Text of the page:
I AM chair of Glasgow Govan Constituency Labour Party. It is with genuine regret that I feel I must comment on our selection process.

Jimmy Reid's articles and the plethora of letters they have generated have said a great deal about the selection. Jimmy Reid applauds himself for creating a debate on it.

It is regrettable that this debate is being increasingly aired in the columns of your newspaper where points cannot easily be challenged or refuted or explored by those who do not have the luxury Jimmy Reid has, of apparently unlimited access to your paper.

It would have served democracy and the issues Jimmy Reid promotes better if, before the ballot, he had used the opportunities of party meetings to engage in debate - genuine, many-sided debate - with those of us who were wrestling with the significant political issues which underpinned the contest.

He would have served his journalism better after the result if he had sought a broader range of views than he has done so far.

For someone who claims to know such detail about the contest, it is remarkable that he never thought to contact myself who, in my capacity as CLP Chair, attended the count and act as the CLP's press spokesperson. He does not even acknowledge the political debate about the decision of Margaret Curran - the candidate I supported - to stand.

The extent to which he has engaged in that debate is pitifully revealed in his comment, ``An MP is a law maker. His selection must be wihin the law. His selection must be within procedures . . . ''

It is argued that the very process of ruling out members from the postal ballot was unfair. This is not a view that was expressed at the count. None of the scrutineers objected to the process. Indeed they all checked signatures and in turn rejected those that they believed to be invalid.

By doing this they accepted that discrepancies in signatures were a sufficient reason to invalidate a particular postal vote.

It was clear to me, and I heard no objection raised, that the postal votes would be checked and then Lesley Quinn, as Returning Officer, would make a ruling.

Either you accept, as the scrutineers did, that this was a necessary safeguard against cheating, or you do not. What you cannot do is accept the process but set a ceiling on the acceptable number of postal votes that can be ruled out. All postal votes had to have the same set of criteria applied.

It is now stated, as if it were incontrovertible truth, that the names that were ruled out were Asian and that they were supporters of Mohammed Sarwar. What is true is that no-one except Lesley Quinn would know how many of them were Asian names. The ballot papers remained sealed, so no-one, including Lesley Quinn, knew how they might have voted.

I am afraid it is a deliberate and dangerous untruth which did much to provoke further the understandable anger and disbelief of Mr Sarwar's supporters who had seen him so narrowly defeated.

It does Mr Sarwar's friends no credit at all to play on that anger and disappointment by claiming to know who was ruled out and therefore implying that race became the criterion used by the party official in making her decision.

Jimmy Reid's suggestion that ``my vote, I think, was counted. For as you may have gathered, I am not Asian'' takes that untruth further still (January 11).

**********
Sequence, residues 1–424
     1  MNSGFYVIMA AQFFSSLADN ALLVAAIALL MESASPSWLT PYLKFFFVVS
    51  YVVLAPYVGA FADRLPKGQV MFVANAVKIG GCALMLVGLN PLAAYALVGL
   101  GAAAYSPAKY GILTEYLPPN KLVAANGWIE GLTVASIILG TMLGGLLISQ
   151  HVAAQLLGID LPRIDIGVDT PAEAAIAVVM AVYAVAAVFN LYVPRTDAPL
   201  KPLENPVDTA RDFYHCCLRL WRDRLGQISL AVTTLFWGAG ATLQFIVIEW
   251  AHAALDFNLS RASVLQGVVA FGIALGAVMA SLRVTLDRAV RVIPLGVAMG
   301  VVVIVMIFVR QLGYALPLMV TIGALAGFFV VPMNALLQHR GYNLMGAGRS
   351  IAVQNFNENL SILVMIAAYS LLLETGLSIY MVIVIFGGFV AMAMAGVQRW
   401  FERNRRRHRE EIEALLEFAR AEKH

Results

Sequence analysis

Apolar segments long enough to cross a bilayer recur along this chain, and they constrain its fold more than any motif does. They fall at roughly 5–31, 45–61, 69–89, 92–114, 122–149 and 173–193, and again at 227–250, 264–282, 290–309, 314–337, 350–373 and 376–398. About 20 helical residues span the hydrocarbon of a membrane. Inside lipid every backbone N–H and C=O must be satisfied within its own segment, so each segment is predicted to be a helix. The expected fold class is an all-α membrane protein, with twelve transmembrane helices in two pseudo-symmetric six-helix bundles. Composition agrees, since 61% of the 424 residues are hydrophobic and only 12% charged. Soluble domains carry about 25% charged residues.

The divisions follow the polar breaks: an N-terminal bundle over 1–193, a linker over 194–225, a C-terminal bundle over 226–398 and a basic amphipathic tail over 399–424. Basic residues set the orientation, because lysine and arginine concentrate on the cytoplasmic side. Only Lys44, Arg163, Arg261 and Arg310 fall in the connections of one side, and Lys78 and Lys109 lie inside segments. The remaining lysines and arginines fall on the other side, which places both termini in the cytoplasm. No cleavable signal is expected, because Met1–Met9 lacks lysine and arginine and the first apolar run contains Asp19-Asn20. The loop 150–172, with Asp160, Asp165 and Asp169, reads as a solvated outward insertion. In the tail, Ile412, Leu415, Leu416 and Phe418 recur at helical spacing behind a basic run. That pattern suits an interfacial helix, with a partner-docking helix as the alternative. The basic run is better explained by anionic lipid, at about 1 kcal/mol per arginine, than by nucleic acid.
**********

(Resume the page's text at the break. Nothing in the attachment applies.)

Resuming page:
The CLP secretary has been castigated for her role in the process. The CLP must deal with any complaints about the way its members and particularly its officers conduct themselves. There are clear disciplinary procedures for dealing with anyone who has behaved in a way that is contrary to the rules and values of our party.

However, no matter how much any individual might wish it, no-one can individually rule out members, manipulate the rules, and single-handedly determine the selection process of our party.

Given the make-up of the Govan membership, I find it frankly ludicrous that we could all be intimidated, silenced, and conned by the CLP secretary.

At each stage of the process, appeals were built in to ensure that this could not happen. At each stage the NEC, though its representative, Lesley Quinn, was ensuring that the party's rules were enforced.

We have been told that Lesley Quinn made mistakes because she was under pressure, because the hall had to be cleared, because she was intimidated by Watson supporters or because, as Jimmy Reid says, she forgot she was a servant of the party.

This portrayal of Lesley Quinn as either a dupe or a petty dictator is, for me, the most offensive line that has been argued in this campaign. She is hardworking, sharp, able, honest, and no-one's fool.

Her integrity goes unquestioned in the Labour Party and so it must, given that much of her work involves the world of internal party dispute and intrigue. No-one in the Labour Party in Govan - no matter how high the stakes - could have made her squander that integrity in order to operate against the rules of the party and in their favour.

Jimmy Reid demeans himself by attacking a woman who over many years has built an impressive reputation for openness and commitment to servicing the membership, when he knows she is not in a position to defend herself.

I have no doubt that the fact that she is a young woman has made her the target of insults that a male officer like Jimmy Allison - whose ``fixing'' talents Jimmy Reid so recently applauded - would never have to accept.

There are lessons to be learned in the Govan selection. The Herald's recent flawed coverage has not aided that process.

Johann Lamont,

5 Mansionhouse Road, Glasgow.